Un­der cam­paign spot­light, Trump comes into light

Daily Local News (West Chester, PA) - - OBITUARIES - By Jill Colvin

NEW YORK >> Don­ald Trump puts a pre­mium on loy­alty and has proven un­able to let a slight go by un­chal­lenged. He touts the facts that he likes — and casts doubts on the ones he doesn’t.

While he has a pen­chant for ex­ag­ger­a­tion and an of­ten ten­u­ous re­la­tion­ship with truth, the Repub­li­can nom­i­nee has also shown him­self to be a fighter who rarely cedes ground, even in the face of enor­mous pres­sure to do so.

If the New York bil­lion­aire is elected to the White House on Tues­day, it’s rea­son­able to ex­pect the per­sona ex­posed by 18 months as a can­di­date for pres­i­dent will be the one he brings to the Oval Of­fice.

“Early on, Trump was seen as some­one who was go­ing to stick to his guns no matter what. He was go­ing to say what was on his mind. And you know he’s go­ing to take the con­se­quences of that no matter what,” said Ed Brookover, a for­mer se­nior cam­paign ad­viser.

That re­mains, Brookover said, the essence of who Trump is to­day.

Trump has of­ten said dur­ing the cam­paign he knows more than aca­demics, gen­er­als and other ex­perts, and he has largely for­gone the kind of in­tense study ses­sions fa­vored by other can­di­dates to learn about do­mes­tic and world af­fairs. He’s stuck by facts re­peat­edly de­bunked, the lat­est be­ing his in­cor­rect as­ser­tion that Demo­cratic nom­i­nee Hil­lary Clin­ton wants to ad­mit 650 mil­lion im­mi­grants into the coun­try — tripling the U.S. pop­u­la­tion “in one week.”

While he’s re­ceived brief­ings from U.S. in­tel­li­gence of­fi­cials, who have con­cluded Rus­sia is be­hind the hack­ing of the Demo­cratic Na­tional Com­mit­tee, Trump rou­tinely ex­presses doubt they were in­volved. “Our coun­try has no idea,” he said dur­ing the third pres­i­den­tial de­bate.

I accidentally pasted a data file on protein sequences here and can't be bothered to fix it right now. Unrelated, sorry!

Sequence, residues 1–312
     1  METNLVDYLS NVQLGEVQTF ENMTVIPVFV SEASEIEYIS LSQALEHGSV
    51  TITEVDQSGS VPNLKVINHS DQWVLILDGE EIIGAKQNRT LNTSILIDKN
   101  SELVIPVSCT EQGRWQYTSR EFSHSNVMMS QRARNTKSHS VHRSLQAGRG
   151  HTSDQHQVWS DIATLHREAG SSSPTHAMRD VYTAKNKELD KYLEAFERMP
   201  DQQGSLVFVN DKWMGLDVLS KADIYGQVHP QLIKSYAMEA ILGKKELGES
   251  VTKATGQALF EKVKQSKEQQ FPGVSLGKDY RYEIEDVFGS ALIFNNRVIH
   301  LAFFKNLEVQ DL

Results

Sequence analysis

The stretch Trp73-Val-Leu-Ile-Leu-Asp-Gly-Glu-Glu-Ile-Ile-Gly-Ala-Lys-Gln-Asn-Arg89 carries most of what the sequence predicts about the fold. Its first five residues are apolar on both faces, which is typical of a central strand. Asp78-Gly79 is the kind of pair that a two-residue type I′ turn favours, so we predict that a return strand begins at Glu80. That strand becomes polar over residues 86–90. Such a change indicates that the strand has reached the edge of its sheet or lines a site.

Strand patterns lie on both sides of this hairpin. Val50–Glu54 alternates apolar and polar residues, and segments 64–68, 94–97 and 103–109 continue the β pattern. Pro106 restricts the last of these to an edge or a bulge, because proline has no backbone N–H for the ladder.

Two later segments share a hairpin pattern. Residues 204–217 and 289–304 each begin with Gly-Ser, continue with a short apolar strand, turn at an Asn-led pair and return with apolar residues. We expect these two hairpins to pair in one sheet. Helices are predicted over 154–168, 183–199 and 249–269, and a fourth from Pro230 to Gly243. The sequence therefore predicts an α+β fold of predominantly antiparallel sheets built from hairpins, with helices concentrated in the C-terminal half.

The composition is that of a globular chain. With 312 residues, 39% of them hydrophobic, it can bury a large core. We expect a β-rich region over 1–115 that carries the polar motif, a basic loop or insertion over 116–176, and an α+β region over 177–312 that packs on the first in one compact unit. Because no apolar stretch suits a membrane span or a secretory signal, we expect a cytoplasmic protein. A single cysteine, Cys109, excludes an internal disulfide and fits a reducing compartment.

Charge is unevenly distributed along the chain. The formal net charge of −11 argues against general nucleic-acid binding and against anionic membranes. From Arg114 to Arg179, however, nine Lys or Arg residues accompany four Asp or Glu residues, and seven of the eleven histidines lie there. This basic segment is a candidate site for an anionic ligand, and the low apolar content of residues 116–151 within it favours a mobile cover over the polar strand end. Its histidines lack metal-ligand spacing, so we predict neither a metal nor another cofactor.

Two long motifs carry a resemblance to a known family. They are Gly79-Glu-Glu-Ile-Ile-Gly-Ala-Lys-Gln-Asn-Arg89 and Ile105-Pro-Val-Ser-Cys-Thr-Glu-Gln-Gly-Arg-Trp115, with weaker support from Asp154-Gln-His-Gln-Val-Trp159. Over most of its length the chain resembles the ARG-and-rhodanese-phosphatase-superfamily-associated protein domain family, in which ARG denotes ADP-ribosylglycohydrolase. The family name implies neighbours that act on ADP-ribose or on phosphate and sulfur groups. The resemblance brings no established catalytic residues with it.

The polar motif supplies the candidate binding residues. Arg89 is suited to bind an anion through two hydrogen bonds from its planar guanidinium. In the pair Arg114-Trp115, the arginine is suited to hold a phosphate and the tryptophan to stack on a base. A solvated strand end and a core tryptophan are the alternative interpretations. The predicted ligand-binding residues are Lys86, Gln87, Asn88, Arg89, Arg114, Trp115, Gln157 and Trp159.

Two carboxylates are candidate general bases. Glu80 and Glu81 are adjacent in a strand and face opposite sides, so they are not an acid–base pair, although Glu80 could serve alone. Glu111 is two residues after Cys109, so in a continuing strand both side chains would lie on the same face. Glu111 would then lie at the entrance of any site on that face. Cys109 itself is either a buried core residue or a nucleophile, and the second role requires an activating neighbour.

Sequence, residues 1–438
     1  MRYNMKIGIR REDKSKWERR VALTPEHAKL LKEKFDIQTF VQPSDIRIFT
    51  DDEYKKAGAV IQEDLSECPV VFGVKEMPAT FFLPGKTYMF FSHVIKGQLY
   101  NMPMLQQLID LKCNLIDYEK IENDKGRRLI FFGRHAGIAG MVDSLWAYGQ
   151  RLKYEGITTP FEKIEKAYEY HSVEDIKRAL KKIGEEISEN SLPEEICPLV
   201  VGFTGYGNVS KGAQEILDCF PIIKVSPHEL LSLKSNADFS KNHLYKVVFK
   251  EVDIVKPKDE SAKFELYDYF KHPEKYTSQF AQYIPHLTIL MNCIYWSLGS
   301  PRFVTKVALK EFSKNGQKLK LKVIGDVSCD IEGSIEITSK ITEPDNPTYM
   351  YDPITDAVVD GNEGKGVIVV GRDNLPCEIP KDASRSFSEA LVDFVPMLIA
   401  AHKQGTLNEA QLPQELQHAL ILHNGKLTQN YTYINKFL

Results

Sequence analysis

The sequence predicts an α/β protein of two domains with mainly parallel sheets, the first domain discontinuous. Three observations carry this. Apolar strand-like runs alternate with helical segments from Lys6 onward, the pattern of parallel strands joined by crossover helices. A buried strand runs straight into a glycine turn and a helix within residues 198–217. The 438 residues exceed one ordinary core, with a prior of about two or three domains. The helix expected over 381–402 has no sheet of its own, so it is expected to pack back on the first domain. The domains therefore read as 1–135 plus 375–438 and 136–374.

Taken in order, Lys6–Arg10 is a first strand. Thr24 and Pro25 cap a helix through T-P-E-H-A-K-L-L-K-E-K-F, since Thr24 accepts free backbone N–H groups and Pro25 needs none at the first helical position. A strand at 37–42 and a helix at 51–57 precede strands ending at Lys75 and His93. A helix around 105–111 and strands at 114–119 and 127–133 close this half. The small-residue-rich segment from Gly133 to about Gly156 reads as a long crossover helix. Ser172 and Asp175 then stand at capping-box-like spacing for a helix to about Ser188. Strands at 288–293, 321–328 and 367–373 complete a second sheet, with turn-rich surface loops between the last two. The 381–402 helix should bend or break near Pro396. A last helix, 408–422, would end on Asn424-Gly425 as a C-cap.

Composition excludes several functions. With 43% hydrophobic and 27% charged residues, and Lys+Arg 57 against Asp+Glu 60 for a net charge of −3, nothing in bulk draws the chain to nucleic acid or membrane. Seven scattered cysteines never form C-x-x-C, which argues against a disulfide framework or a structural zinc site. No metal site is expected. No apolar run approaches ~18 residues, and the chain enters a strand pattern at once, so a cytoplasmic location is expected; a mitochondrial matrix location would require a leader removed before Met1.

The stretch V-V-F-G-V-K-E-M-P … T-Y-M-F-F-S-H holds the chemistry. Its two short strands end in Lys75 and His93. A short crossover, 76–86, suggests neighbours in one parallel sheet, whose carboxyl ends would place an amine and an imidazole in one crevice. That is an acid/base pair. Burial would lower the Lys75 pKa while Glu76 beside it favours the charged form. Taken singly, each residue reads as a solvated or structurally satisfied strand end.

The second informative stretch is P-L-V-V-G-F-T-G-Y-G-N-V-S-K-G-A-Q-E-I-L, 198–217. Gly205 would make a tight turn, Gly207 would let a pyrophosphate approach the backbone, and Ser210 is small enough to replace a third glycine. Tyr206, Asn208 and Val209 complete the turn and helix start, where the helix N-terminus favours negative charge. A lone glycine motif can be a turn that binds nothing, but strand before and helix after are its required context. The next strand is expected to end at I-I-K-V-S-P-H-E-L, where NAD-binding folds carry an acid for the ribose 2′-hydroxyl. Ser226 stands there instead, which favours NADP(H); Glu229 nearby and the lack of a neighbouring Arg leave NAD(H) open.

Yet Brookover re­jects the idea that Trump is a closed book un­will­ing to ac­cept new in­for­ma­tion. He de­scribed a meet­ing this spring in Washington, at which Trump met with mem­bers of Congress who sug­gested he re­lease a list of judges from which he’d se­lect a nom­i­nee to the Supreme Court. Trump did so shortly after.

“He lis­tens and takes in what peo­ple tell him a lot more than peo­ple give him credit for,” Brookover said.

Trump is also a can­di­date who ap­pears in­ca­pable of ig­nor­ing a slight and is all too will­ing to re­spond with dis­pro­por­tion­ate force.

The day after ac­cept­ing the pres­i­den­tial nom­i­na­tion at his party’s con­ven­tion, he taunted dis­patched ri­val Ted Cruz rather than fo­cus on the gen­eral elec­tion cam­paign that had just be­gun. He’s put his stand­ing among women and mil­i­tary fam­i­lies at risk by dou­bling down on his replies to the crit­i­cisms levied by the par­ents of a slain Army of­fi­cer and a Latina beauty queen he shamed for gain­ing weight.

“I’ve been say­ing dur­ing this whole cam­paign that I’m a counter-puncher,” he once ex­plained to Fox News Chan­nel star Megyn Kelly, among those Trump has tan­gled with dur­ing the cam­paign. “I’m re­spond­ing. Now, I then re­spond times maybe 10. I don’t know. I mean I re­spond pretty strongly. But in just about all cases, I’ve been re­spond­ing to what they did to me.”

Eric Trump, one of Trump’s sons, cast his fa­ther in an in­ter­view as David tak­ing on Go­liath largely on his own.

“He’s had to take on the DNC, take on the cor­rup­tion, a very, very bi­ased me­dia in so many cases,” Eric Trump said of his fa­ther. “He’s done that all by him­self and me and quite frankly the Amer­i­can peo­ple . ... I give him tremen­dous, tremen­dous credit be­cause he shoul­dered so much weight on his own. He shoul­dered a move­ment to change this na­tion.”

While the pres­i­den­tial cam­paign is un­doubt­edly in­tense, the pat­terns of be­hav­ior Trump has dis­played as the Repub­li­can nom­i­nee are likely to con­tinue, said Ari Fleis­cher, who served as press sec­re­tary to Pres­i­dent Ge­orge W. Bush.

“The cam­paign is a great in­di­ca­tion of what will hap­pen in a White House,” he said. While Trump has shown the abil­ity to mod­er­ate, Fleis­cher said his counter-punch­ing in­stinct could be “a dis­as­ter in the Oval Of­fice,” where calm and level-head­ed­ness are cru­cial when some­thing goes wrong.

“It would be even worse if he does it with majesty and the power of the pres­i­dency on his hands,” he said.

Don­ald Trump

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